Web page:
Blessing and re-dedication of the statue of Don Bosco at Dominic College – Monday 12 May 2014
Don Bosco died 125 years ago. Today his name is known in at least 125 countries, where the Salesian Family (the organization he created) is present. And throughout the world, Don Bosco is honoured as ‘The Father and Teacher of Youth’, and the ‘Patron of Apprentices’.
At Dominic College, for many years, there was a statue of Don Bosco. This was damaged by vandals some years ago. There are two important reasons why I was determined to have it restored.
This statue came to Glenorchy with the first Salesians in the late ‘40s; and for some years it was placed on the balcony of the first floor of ‘Grantleigh’ – looking down towards the entrance of the property. There is photo dating back to the early days of ‘Boys’ Town’, with a group of boys on the lawn in front of Grantleigh, showing the statue of Don Bosco looking down on them.
The Salesians had six of these statues made and placed in various schools in Australia. Today the exact replica of this statue can be found at: Dominic College Glenorchy; Dunlea Centre Engadine (Sydney); Don Bosco Centre Brunswick (Melbourne); Salesian College Sunbury (Vic.); Salesian College Chadstone (Melbourne); and at St John Bosco Primary School in Adelaide.
When the Salesians first arrived in these places, they brought with them Don Bosco, as their model and inspiration in the work of education. Very few, if any, of the original Salesians are still alive today; but Don Bosco is still there – reminding Salesians, Teachers, Staff, parents and students, about the value of Christian education according to Don Bosco. The statue is a permanent historical link with the pioneer Salesians.
The first boys that Don Bosco cared for, at the height of the industrial revolution in the city of Turin, Italy, were working boys, aged between 10 and 20, who came to Turin from the countryside, looking for work in factories and on building sites.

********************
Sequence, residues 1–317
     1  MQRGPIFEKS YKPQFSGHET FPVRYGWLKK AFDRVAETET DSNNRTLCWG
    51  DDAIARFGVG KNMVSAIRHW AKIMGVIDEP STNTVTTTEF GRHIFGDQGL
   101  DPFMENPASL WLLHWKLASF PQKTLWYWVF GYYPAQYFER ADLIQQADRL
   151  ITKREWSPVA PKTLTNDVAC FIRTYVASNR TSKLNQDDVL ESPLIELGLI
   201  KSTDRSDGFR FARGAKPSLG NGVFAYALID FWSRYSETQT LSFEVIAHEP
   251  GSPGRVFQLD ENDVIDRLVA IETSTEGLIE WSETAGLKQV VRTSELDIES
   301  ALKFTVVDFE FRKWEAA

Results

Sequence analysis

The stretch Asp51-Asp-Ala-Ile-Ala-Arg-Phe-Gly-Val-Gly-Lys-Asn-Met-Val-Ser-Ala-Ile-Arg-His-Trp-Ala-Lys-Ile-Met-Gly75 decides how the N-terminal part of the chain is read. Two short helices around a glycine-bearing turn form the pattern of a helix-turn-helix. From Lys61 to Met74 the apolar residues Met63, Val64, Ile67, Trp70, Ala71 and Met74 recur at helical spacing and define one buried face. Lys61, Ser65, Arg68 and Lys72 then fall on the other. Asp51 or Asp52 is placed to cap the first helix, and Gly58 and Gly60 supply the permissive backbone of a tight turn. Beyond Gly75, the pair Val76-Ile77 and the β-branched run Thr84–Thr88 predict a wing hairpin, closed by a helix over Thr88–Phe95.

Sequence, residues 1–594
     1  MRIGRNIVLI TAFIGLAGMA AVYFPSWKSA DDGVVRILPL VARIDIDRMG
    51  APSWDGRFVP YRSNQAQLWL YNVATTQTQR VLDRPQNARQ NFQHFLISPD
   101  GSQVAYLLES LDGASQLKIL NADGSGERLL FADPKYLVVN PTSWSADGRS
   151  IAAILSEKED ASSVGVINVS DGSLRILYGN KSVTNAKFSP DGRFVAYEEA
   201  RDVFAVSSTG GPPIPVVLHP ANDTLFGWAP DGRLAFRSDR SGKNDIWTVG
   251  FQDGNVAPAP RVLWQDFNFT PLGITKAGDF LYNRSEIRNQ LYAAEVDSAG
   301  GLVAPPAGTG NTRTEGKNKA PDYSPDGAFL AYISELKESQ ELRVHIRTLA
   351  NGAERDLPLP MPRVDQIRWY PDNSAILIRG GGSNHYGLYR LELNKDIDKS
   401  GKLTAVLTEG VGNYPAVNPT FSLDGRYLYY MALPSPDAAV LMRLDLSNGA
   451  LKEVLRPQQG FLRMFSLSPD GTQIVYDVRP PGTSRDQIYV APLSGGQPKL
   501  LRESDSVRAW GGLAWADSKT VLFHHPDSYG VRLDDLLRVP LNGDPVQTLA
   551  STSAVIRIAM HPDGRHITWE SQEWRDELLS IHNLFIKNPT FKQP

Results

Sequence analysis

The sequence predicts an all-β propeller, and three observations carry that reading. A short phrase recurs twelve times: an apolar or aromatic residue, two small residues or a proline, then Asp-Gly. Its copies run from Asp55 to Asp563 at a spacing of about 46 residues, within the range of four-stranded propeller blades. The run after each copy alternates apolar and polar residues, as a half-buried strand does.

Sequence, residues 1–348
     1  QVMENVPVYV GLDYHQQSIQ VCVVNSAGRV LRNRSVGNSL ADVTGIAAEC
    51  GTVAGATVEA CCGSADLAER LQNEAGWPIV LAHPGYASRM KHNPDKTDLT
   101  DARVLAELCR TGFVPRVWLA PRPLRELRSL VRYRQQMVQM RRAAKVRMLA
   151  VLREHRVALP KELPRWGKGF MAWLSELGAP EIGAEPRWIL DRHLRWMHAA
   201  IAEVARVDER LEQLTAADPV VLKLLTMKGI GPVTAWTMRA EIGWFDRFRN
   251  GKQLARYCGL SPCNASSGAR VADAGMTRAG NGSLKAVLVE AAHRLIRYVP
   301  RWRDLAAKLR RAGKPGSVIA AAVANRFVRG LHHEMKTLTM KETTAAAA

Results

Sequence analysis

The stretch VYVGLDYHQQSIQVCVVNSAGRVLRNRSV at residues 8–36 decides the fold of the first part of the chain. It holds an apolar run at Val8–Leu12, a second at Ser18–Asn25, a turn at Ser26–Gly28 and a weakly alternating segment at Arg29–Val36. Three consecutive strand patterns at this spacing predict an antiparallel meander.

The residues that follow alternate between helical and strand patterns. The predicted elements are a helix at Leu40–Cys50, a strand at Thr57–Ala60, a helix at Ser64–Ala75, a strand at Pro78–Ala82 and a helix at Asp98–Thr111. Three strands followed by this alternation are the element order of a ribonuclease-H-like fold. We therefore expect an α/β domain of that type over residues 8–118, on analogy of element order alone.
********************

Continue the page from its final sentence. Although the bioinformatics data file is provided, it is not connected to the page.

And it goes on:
These boys were illiterate, and they were exploited by ruthless bosses. They would sleep under bridges, or in make-shift accommodation, they had very little to eat, and many died young in work accidents. For every one that died, there were ten others taking their place! Society did not care. Those boys were factory fodder.
On Sundays these boys would get into gangs and cause problems. Don Bosco started gathering these boys together on Sundays. During the week he would visit them at their work places, and speak with the bosses. Don Bosco was the first to write up a work contract with clear conditions of work and pay, between the boss, the young worker and himself as witness. We still have copies of these contracts.
Then he realized that these boys needed an education, and skills. He set up classes, and workshop. The statue of Don Bosco shows him looking kindly towards a young boy, who has a hammer in his hand – no doubt a young apprentice or worker, rescued by Don Bosco. One of the many helped by him. His own mother ‘Mamma Margaret’ became mother to hundreds of orphans and homeless youth.
So the statue is a reminder of the origins of the Salesian mission to young people – a mission which continues today. The statue is now located in the foyer of the Dezani Design and Trade Centre. The young person Don Bosco is looking at today has a name: the name of all those young people who are learning new skills for life, like Jack, Michael, Jonathan, Jessica, Kate, Julia… Don Bosco is watching them all, encouraging them to learn new skills and the value of work, to be grateful for the opportunities and enjoys seeing their work displayed in the foyer…
May I thank and congratulate the sculptor, Mr Ian Munday, for undertaking the tough job of restoration of the statue; it took several years and many enquiries before we found someone who was willing to restore the statue.
Thanks also to our Maintenance Staff, especially to Mr Darren Lonergan, Mr Ian Buckley, and to Staff members Mr Peter Allsopp and Mr Rocco Mangione; as well as to Catholic Church Insurances for financial assistance.
By Fr Frank Bertagnolli SDB